There’s a new Bluetooth security vulnerability to be aware of, tracked as CVE-2018-5383, and it’s a nasty one.
It’s a cryptographic vulnerability that affects firmware or operating system software drivers from a number of major vendors, including Qualcomm, Broadcom, Intel and Apple. At this point, the implication of the bug on Linux, Android, and Google are unknown.
The flaw is related to two important Bluetooth features: BR/EDR implementations of Secure Simple Pairing in device firmware and Bluetooth Low Energy (BLE) of Secure Connections Pairing in OS system software.
It was discovered by researchers operating out of Israel’s Institute of Technology. They discovered that the Bluetooth specification recommends (but critically does not mandate) that devices supporting the two features make any effort to validate the public encryption key received during secure pairing.
Since the specification is optional, it’s hardly a surprise that some vendors producing Bluetooth products do not take sufficient steps to validate the parameters used to generate public keys during the exchange.
This allows a would-be hacker the possibility of executing a man-in-the-middle attack to obtain the cryptographic key used by the device. This would give them the opportunity to not only spy on the device’s owner, but also to inject malware that could allow the hacker to take full control over the device.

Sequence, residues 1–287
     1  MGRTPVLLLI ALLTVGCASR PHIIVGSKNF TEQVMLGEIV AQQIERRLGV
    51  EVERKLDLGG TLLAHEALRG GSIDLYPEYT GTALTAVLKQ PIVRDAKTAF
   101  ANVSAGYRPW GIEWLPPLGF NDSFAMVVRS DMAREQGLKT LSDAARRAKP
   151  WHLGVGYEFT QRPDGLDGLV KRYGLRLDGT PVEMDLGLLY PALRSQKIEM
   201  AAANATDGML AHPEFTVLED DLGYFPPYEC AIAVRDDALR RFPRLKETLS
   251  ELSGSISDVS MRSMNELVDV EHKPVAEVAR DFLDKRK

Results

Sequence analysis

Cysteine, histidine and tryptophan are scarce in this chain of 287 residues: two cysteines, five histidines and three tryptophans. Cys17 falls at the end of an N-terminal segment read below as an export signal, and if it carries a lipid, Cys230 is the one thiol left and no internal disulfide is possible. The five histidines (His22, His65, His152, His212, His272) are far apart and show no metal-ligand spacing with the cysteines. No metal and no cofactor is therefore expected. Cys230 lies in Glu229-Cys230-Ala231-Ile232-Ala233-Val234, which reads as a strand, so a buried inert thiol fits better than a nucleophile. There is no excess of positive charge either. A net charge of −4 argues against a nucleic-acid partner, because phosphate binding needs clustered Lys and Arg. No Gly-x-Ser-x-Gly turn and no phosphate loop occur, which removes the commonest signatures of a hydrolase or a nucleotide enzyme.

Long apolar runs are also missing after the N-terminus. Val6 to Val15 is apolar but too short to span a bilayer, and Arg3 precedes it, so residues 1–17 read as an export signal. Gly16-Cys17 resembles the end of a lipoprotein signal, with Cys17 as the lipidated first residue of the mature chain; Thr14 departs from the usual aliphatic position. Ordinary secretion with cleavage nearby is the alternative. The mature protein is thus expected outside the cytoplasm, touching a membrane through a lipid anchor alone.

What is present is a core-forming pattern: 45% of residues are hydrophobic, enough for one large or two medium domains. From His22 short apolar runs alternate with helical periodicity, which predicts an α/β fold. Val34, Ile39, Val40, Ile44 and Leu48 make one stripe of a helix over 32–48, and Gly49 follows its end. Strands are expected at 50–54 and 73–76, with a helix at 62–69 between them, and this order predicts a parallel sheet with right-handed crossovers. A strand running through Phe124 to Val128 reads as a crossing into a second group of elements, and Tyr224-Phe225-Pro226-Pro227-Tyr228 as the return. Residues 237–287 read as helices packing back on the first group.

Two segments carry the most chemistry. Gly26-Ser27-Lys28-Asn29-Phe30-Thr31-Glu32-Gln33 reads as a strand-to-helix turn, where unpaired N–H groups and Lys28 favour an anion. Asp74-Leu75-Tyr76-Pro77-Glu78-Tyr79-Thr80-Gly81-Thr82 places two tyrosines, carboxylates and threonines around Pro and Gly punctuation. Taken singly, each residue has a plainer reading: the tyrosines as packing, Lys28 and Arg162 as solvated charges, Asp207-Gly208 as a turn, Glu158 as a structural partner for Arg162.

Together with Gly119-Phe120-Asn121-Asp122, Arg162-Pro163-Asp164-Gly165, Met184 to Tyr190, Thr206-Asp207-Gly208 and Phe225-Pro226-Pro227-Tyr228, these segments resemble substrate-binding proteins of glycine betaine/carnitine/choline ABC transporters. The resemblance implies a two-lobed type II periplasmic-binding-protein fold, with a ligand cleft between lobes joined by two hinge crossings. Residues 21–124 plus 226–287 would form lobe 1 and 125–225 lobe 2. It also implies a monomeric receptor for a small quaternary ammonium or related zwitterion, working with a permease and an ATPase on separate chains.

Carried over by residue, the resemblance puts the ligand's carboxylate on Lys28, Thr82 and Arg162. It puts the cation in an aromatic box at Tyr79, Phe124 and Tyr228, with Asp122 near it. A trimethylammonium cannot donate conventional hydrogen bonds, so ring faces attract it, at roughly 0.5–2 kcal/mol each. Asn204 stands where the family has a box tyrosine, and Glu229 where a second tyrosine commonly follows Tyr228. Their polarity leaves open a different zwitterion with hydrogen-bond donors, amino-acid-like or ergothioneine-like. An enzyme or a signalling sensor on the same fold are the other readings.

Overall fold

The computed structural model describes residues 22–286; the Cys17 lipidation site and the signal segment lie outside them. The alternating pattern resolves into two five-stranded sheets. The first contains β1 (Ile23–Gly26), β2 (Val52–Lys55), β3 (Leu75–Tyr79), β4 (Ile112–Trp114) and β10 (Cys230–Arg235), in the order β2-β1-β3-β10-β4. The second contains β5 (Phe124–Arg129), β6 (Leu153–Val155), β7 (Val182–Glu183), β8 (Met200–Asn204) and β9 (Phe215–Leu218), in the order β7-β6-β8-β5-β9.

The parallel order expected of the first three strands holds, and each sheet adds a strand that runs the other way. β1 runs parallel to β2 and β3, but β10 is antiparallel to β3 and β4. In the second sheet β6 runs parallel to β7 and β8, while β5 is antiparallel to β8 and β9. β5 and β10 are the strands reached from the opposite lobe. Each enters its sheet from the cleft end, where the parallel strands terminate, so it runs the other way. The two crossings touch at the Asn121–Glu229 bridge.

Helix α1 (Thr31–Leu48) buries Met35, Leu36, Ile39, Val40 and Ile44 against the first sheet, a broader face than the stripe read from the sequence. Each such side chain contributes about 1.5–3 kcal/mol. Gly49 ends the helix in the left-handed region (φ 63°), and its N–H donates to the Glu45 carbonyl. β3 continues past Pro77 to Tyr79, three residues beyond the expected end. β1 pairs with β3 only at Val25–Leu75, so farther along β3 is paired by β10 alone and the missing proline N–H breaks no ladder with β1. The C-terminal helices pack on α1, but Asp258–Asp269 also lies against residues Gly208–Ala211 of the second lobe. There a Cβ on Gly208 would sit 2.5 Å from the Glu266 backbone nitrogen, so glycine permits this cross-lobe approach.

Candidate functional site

SIG (the Bluetooth Special Interest Group which maintains the technology), had this to say about the flaw:
“For an attack to be successful, an attacking device would need to be within wireless range of two vulnerable Bluetooth devices that were going through a pairing procedure.
The attacking device would need to intercept the public key exchange by blocking each transmission, sending an acknowledgement to the sending device, and then injecting the malicious packet to the receiving device within a narrow time window. If only one device had the vulnerability, the attack would not be successful.”
Bluetooth SIG has now updated the specification to require products to validate public keys received as part of the public key-based security procedures. Of the manufacturers mentioned above, Apple and Intel have both released patches. Broadcom has made fixes available to its OEM customers who are responsible for providing them to end-users. There has been no word yet from Qualcomm.